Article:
Wednesday, September 9, 2009

Hickory Horned Devil, encore presentation

I don't resort to many re-runs on this blog. This is a post originally put up almost 1 year ago, but honestly, I didn't have much of an audience at the time, so I figured it's worth another run since the subject matter has a bit of "weird" factor. Also, I now know there are enough nature nuts out there who can really enjoy (or at least tolerate) this post. Have fun!

Originally posted September 16, 2008:

One great thing about living in the woods is that it's a veritable Discovery Zone. I see so many new things in our woods, and if I'm lucky, I'll see it more than once. For example, spotting frogs and toads is not too uncommon around here. And just the other day, for the second time, I spotted a Red Eft. These pictures were actually taken over 3 years ago, but at least you can see what I'm talking about. The one I saw the other day I actually managed to pick up to let it run around on my hand for a minute.

I am SO outta here!

I also picked up a frog the other day. So it would only seem natural that I would want to pick this up.

Gaaaah! What the...?!


Dave found this the other day, wandering around the base of one of our Shagbark Hickory trees. I wasn't home at the time, but he knew I would want to see it, so he contained it for a bit until I got home. At first I was freaked out, as he told me I would be, but then fascination took over. He had already done some Googling and found out that it's a Hickory Horned Devil.

Here is a description, as found on the Ohio State Unversity Extention Fact Sheet on Giant Caterpillars: "This caterpillar is the larva of the Royal Walnut Moth, also known as the Regal Moth. The larva is not one for a timid person to suddenly discover. It has a scary, frightful appearance resembling a small dragon with up to five pairs of long, curving hornlike structures over the back of its thorax with the rest of the body covered with shorter spikes. The body color ranges from deep blue-green to tan with orange spikes tipped with black. Shorter spikes are black. Though very ferocious appearing, it is quite harmless to handle. They are enormous in size, being five to six inches long and nearly 3/4-inch in diameter. They feed for a period of 37 to 42 days on the leaves of hickory, walnut, butternut, pecan, ash, lilac, persimmon, sycamore, sumac and sweet gum. Larvae mature in late summer, wandering around searching for a place to burrow underground to pupate. Overwintering occurs in the pupal stage."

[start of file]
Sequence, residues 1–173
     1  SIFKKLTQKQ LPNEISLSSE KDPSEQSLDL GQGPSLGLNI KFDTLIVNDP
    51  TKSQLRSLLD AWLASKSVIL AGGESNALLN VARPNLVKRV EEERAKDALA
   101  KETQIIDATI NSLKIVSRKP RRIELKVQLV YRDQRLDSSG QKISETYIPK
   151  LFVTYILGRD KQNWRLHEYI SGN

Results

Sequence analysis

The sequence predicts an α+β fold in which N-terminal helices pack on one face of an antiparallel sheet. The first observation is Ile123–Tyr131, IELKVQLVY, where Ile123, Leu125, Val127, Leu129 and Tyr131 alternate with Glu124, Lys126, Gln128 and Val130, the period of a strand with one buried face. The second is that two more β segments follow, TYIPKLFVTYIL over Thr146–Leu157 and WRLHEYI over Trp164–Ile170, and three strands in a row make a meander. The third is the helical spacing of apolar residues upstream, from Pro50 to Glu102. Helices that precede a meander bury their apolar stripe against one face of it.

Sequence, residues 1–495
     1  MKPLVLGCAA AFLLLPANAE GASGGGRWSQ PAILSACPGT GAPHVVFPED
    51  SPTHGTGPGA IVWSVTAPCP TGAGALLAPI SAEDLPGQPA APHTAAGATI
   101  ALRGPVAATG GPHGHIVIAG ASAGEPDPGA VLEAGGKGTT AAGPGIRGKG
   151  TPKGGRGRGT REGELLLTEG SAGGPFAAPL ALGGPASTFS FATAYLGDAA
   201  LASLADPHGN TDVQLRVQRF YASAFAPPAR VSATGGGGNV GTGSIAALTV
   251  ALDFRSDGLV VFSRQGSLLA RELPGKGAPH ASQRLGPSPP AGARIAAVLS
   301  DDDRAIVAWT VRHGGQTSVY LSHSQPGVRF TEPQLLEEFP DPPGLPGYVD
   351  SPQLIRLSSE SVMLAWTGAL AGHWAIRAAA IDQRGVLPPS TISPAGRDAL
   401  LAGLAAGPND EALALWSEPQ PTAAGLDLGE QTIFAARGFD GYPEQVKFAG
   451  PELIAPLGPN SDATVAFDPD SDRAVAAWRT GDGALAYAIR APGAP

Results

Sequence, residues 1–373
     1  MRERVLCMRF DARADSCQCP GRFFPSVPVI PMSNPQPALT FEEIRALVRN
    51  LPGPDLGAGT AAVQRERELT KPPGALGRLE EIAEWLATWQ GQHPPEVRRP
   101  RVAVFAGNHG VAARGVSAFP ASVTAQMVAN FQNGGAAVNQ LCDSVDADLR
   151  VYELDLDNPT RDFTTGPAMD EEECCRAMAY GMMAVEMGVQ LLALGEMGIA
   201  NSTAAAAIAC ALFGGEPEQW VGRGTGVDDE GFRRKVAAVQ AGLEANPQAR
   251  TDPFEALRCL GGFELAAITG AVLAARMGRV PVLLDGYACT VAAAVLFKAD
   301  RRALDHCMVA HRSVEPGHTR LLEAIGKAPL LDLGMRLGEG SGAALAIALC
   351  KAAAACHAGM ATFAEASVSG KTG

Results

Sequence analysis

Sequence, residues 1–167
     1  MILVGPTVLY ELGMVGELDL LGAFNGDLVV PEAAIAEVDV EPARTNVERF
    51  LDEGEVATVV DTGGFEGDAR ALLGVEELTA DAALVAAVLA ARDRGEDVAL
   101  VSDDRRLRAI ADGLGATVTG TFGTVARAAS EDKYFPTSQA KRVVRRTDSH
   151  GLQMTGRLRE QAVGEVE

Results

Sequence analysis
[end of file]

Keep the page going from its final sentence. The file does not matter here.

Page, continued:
By the way, I have to take this opportunity to plug state extension offices. Do you want to know what that funny bug is crawling around your house? Do you want to know why the leaves on the Sycamore trees around the county are turning brown prematurely? Want to learn how to raise cattle? Want an analysis of your soil? Your local extension office can help you with these questions. For folks in Ohio, check the Ohio State University Extension website for all kinds of helpful stuff, including links to county offices. For those in other states, just type in "your state here extension offices" in any search engine and you should come up with something. I have found the Athens County Extension office's weekly online updates to be a valuable resource. Now back to the show.

We had seen some pictures of people holding one of these devils in their hand, and I was determined I was going to do the same.

Or maybe not. This was NOT a happy caterpillar - every time I touched it, it would thrash about, and that really freaked me out. I knew it wouldn't hurt me, but it was still alarming just the same. Dave thought it was too bad he didn't get a picture of me when I jumped the first time I touched it. This is as close as I got to holding it. Also, these pictures give you a better perspective of just how big this thing is.

-by the way, I'm not really scared here - just hammin' it up for the camera (imagine that)

Will we ever see one of these again? Who knows. Maybe I'll be a little more brave if there is a next time. Hey, at least I touched it. That's more than I can say for the guy who took all the pictures.

So what makes a creature like this develop such ferocious-looking characteristics? Are there other caterpillars out there that are equally (or more) alarming in appearance? And for those that don't look intimidating, what is their defense against predation (assuming that's why the Hickory Horned Devil is built this way)? Poison in their flesh? Something else?

Other fascinating facts: The adult moths have no mouth parts and so are unable to eat. But they don't need to. Once they emerge as an adult moth, they mate during the second evening after their emergence, eggs are laid the third evening, and then they die. Can you imagine what it would be like to eat like mad as a baby for a few weeks to a few months, hibernate for 1-2 years, emerge full grown and in a completely different form, have sex on day 2, deposit eggs, then die, THE END? This is one of the great mysteries of the animal world that I can't wrap my brain around. I also wonder if the passage of time seems eternal to these small creatures with short life-spans. Maybe an hour seems like days. Or maybe they have no comprehension of time whatsoever, other than the natural rhythm set for them by their ancestors.

Nature's Discovery Zone frequently reminds me about how much I DON'T know, and makes me relish each day as an opportunity for new knowledge, and new questions to ask. I was always fond of school, and I love learning new things. As I grow older, I become more and more excited about being a student of life.